Rescue dogs

You can usually judge the character of a puppy within a day or two. This is not always the case with rescue dogs. You could take on a dog with a lovely temperament who is scared and so may seem to show aggressive tendencies due to fear. You could have a very strong dog who seems very biddable while he tries to judge the weak one in the family who he can manipulate to get his own way.
It is important to let a rescue dog know exactly what his boundaries are (in the nicest possible way, of course) He is probably quite confused having gone from one house to another and you are not doing him any favours if you let him have a ‘settling in period’ when he can do what he wants.
He may have come from a household who sometimes let him get away with things and other times came down on him hard if he misbehaved. So, if you ask him to do something make sure he does it by luring if necessary and rewarding him when he gets it right. If you don’t want him to do something i.e. get on the furniture, don’t let him do it from the start.


Don’t keep trying to pet your dog or give him cuddles; let him come to you. It can be quite frightening for the dog if you keep ‘grabbing’ him. Many dogs, even ones with good temperaments, are not ‘cuddly’ dogs. You must respect this and not force him. You may find he demands ‘excessive cuddles; this may means he feels insecure and you could make him worse by constantly cuddling him.


Don’t get too hung up on being the leader of the pack. Everybody has to conform to rules; even us. Dogs learn to do what they have to, to get what they want. They soon learn who the ‘softest’ one is who will feed them treats for nothing. The dog won’t respect them and won’t bother to do what they tell them because they know they can get their own way and still get treats.
Be consistent and follow through your commands and never give a titbit for nothing. Do not give praise for nothing, but make sure you give praise and rewards to the dog doing what you want.


It is fine to change his name. Don’t make the mistake of just saying it over and over to get him used to it. To start with, when he looks at you, say his new name and reward. Say his name when he is giving you attention. This will teach him to look at you when he hears his name. Then start saying it when he is not looking at you, but not engrossed in something, then build it up to using it when you want him to do something. Try not to use his name if you are going to scold him.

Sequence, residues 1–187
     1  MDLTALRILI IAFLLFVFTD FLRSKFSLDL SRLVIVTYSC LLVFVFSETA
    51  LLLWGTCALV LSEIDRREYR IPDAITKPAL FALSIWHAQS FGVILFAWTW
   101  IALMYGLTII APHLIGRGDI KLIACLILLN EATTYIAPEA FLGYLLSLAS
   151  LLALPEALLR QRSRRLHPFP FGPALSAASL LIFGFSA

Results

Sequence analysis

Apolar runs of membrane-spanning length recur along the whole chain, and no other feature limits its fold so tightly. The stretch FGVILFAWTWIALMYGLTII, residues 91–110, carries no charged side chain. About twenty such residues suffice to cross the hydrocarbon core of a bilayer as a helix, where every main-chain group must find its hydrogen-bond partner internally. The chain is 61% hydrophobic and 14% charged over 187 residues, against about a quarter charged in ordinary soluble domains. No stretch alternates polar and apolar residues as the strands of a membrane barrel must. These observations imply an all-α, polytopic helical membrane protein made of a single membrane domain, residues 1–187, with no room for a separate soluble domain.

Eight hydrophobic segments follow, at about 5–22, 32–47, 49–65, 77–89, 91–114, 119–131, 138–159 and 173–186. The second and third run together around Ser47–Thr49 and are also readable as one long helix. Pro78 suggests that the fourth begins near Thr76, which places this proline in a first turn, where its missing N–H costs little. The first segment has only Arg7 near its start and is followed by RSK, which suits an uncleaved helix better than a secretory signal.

If you have a rescue dog it may not seem to be housetrained. This could be that it has never been taught, or has been in kennels for a while and got out of the habit, or it could just be stress or even that he doesn't know where the door is. Whatever the reason, treat it just as you would a puppy that has not been housetrained.
To prevent accidents in the house and to teach him where he should toilet you need to put him into the garden at regular intervals:
When he wakes up
After a meal
After he has been playing
After an hour from the previous time
If he shows signs of wanting to go out
When he goes out, if he doesn’t go within 3 minutes, go indoors but let him out after 20 minutes.
Restrict where he can wander in the house without your attention, so can’t find nice corners to go to the toilet.
It is no good scolding him if he has an accident; it will just make him more stressed; be more vigilant watching for signs that he wants to go out.
If he 'misbehaves', don't assume the behaviour will improve with time. Make sure he does what you want and praise and reward when he does it correctly. Get help from a trainer or dog club.
Subpages (1): [Untitled]